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When will Buy To Let landlords be restricted to assist First Time Buyers
Colin Cloy
Posted: 12 January 2011 10:16:49(UTC)
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The average age of a FTB without parental support is now 37 according todays Daily Telegraph but over 40 and rising according to Paul Howard of the Nationwide Building Society at last months Mortgage Event. FTBs can no longer compete with BTL landlords without parental support as the average deposit required is now approximately one years income. BTL landlords as well as propertyowners have benefited from the rapid house price inflation over the last decade due to easy availability credit.and are in a much stronger position than FTBs to purchase. I understand that this is not just the case in England & Wales but also in Scotland where the legal system differs.

The last government tried to encourage FTBs back into the housing market by increasing the nil rate band on Stamp duty land tax to £250,000 up to 24th March 2012 but this has not worked because of the current prices are still to high. Also whenever a suitable property comes onto the market it is usually snaped up by a BTL landlord. This is particularly prevalent in the South East of England.

The coalition Government has indicated that they intend to try to unblock the housing market by pulling certain levers and I have suggested a couple of posible actions to them:-

Firstly the very radical action of removing tax relief on loan interest for BTL landlords which would certainly go a long way to reducing house prices and making the BTL loan market virtually extinct. It would create a lot of negative equity and be very unpopular with many propertyowners including BTL lanlords. However it would be extremely popular with tenants and a generation of 20-30 year olds still living at home with parents as large numbers would suddenly be in a postion to buy. It would also have an affect on the capital adequacy of many of the lenders which may further restrict funds. It would however stabilise the property market after a period of turmoil.

A second less radical plan that I have suggested is to increase Stamp duty land tax for BTL landlords to such a penal extent that it is no longer cost effective for them to enter the market but this would further dampen an already stagnating housing market. However if the government does nothing many parents will have their offspring continuing to stay with them until their deaths and the children receive an inheritance. In less than ten years the average age of a FTB will probably have reached over age 50 if the government takes no action on the BTL market.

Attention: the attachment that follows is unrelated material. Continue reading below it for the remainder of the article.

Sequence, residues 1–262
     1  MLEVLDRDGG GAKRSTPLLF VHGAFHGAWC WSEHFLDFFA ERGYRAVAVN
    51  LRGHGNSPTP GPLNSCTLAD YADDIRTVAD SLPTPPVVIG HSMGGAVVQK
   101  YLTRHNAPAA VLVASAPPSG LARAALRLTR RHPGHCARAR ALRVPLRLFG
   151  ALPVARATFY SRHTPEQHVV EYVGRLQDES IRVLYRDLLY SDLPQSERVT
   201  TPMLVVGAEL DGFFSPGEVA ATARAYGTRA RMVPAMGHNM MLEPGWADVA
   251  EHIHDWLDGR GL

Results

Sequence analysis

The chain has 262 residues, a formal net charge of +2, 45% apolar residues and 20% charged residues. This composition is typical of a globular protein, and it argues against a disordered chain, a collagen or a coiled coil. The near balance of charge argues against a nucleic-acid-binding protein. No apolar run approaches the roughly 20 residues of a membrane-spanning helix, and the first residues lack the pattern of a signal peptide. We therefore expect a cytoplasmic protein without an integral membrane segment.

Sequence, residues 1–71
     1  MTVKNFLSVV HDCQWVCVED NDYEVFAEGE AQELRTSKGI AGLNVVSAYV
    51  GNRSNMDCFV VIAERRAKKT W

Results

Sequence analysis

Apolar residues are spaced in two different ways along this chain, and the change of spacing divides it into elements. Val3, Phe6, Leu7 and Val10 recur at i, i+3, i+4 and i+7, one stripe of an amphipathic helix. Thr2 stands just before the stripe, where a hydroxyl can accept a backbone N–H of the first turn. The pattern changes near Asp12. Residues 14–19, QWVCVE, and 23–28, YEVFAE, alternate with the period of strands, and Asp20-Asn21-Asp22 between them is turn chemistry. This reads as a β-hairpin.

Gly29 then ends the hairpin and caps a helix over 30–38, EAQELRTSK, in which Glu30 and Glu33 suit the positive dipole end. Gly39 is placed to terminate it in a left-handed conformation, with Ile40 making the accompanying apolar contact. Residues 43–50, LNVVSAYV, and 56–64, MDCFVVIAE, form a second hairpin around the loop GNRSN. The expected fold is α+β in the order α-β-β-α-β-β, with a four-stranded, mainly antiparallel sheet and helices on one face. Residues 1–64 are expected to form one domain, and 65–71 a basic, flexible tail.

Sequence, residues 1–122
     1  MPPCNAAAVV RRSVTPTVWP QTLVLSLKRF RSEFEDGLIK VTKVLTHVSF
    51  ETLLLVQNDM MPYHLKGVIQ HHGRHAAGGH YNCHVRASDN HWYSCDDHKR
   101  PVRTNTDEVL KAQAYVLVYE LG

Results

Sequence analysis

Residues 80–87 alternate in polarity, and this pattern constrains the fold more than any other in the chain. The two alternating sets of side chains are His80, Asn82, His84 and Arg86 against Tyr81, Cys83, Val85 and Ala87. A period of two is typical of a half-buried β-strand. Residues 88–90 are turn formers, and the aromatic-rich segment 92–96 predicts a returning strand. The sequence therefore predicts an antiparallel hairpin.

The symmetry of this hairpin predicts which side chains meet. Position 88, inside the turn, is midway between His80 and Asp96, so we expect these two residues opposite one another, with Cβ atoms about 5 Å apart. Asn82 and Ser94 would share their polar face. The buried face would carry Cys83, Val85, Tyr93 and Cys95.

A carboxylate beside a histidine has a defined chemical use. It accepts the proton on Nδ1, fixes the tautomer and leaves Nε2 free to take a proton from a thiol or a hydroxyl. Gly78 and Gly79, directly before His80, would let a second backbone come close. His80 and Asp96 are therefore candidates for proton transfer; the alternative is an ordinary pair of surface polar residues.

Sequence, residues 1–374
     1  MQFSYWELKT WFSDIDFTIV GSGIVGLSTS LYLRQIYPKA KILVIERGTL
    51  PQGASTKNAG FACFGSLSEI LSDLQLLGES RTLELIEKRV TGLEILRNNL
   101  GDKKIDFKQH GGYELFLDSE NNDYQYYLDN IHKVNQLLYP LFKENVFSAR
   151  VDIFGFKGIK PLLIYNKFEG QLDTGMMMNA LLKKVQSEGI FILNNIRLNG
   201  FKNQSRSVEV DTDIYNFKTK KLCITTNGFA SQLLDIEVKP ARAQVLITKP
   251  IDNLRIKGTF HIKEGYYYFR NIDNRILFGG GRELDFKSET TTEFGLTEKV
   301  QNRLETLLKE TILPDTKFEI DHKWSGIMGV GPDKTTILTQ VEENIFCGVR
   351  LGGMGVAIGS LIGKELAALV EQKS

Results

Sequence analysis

I can now longer see how FTBs can compete with BTL landlords in the housing market. Even if a method was found to assist FTBs without restricting the BTL it would continue to cause the rampant house price inflation we saw during the last government. It is inevitable the Government will act in favour of the FTB at some stage but when? Probably when the media and press start to tell the full story of the FTB issue!
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antigricer on 06/02/2013(UTC)
Redundant (Old Timer?)
Posted: 12 January 2011 13:40:12(UTC)
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I can not see how "the very radical action of removing tax relief on loan interest for BTL landlords.... would create a lot of negative equity and be very unpopular with many propertyowners". Unless I have missed it, tax relief on mortgage interest was reduced to a maximium of the first £30K some years ago and then it was abolished all together. So removing it from BTL should only affect them. BUT they only get relief as the mortgage is classed as a business loan!! What HMG needs to do is specify that a business loan DOES NOT include any loan granted for the purchase or renovation of residential property or for the conversion of any building into residential property. A bit tough on the few builders who convert properties but should stop BTL totally.
derek piper
Posted: 12 January 2011 14:10:54(UTC)
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The problem with the housing market is not BTL but the shortage of mortgage funds for FTB and the high percentage deposit needed and the product fees and other costs attached to these mortgages. Lenders and government should find away make FTB mortgages lower (The Chelsea Building society SVR is 5.79%) It is unfair to blame buy to let landlords as mortgages for any purchase attracts product fees of typically 3% plus 60% loan to value making it not easy to enter the market.